http://www.aph.gov.au/DocumentStore.ash ... bId=409097 (PDF 35Kb)

The latest Sorensen COULD have flown the simulations he talks about being 'fixed' (for a lack of a better word) would have been in 2004, and it sounds like it was before then. Even using 2004 as the most current year for the LtCol's F-35 adventures, that was still two years before AA-1 flew, and 2 years AT MOST after LM won the contract. Whatever sims he flew were almost certainly generic exercises for figuring out HOW the program was going to approach developing the actual sims for other purposes. Even if they were early iterations of what is in place now, and they would had to have been VERY early iterations, there wasn't any elements ready to do high fidelity stuff he whines about being denied. I do note he has a consultancy biz.


Correct. I found these about F-35 simulators during that time and somewhat later:
http://www.prnewswire.com/news-releases/lockheed-martin-aeronautics-and-the-mathworks-achieve-milestone-with-successful-f-35-jsf-flight-simulator-test-59026397.html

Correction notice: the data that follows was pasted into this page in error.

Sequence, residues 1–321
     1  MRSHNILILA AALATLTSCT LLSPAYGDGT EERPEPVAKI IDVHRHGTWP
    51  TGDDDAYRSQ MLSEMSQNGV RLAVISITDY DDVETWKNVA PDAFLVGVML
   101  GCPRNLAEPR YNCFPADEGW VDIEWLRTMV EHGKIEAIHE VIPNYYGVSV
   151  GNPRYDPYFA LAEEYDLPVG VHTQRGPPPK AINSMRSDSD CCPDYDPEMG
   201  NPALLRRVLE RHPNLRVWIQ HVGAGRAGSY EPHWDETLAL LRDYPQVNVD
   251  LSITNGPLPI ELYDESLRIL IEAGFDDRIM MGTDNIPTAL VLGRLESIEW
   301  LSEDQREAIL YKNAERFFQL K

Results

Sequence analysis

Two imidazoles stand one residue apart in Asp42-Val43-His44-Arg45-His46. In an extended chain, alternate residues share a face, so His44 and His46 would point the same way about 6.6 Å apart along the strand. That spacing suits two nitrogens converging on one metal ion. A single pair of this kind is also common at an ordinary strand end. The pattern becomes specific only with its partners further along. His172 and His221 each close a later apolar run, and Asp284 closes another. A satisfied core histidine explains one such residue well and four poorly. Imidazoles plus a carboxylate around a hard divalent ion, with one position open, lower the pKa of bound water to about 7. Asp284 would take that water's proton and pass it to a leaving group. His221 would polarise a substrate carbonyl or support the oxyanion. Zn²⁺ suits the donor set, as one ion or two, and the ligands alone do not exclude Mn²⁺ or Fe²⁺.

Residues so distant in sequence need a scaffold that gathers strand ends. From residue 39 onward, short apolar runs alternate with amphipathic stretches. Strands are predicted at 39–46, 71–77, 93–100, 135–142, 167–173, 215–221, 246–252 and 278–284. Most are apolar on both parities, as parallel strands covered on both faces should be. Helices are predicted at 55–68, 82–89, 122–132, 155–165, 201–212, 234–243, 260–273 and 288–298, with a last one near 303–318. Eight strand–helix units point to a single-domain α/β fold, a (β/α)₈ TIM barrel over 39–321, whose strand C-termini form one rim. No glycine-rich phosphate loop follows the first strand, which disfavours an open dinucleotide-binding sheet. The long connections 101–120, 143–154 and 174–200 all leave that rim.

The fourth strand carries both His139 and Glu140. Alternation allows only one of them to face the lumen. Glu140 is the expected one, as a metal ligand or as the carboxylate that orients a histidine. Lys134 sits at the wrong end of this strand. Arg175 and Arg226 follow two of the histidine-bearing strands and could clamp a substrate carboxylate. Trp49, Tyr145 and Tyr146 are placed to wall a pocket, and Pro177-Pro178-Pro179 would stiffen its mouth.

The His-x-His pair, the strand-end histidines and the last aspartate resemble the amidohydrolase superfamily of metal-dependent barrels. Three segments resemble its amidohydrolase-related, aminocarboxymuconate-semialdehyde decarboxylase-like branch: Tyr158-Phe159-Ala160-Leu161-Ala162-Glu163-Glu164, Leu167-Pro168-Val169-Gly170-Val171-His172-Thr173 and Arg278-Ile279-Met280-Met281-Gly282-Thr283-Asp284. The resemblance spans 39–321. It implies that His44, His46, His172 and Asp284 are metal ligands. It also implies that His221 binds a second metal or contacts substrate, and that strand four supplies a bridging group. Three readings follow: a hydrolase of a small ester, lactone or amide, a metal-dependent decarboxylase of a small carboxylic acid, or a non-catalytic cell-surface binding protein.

http://www.jsf.mil/downloads/documents/F-35_2004_Year-In-Review.PDF

https://www.flightglobal.com/news/articles/training-central-lockheed-martin-prepares-for-f-35-jsf-219642/

To me it seems like the simulators were very basic then and concentrated on flight control law design and other such stuff. I doubt there was anything resembling a true combat simulator. First Full Mission Simulator was delivered in 2011 and by the end of 2007 there was very little simulators in existence as the capability was just being produced. I say there is no way Anker Sorensen could've flown any real F-35 simulator but rather some very basic version with likely huge number of limitations.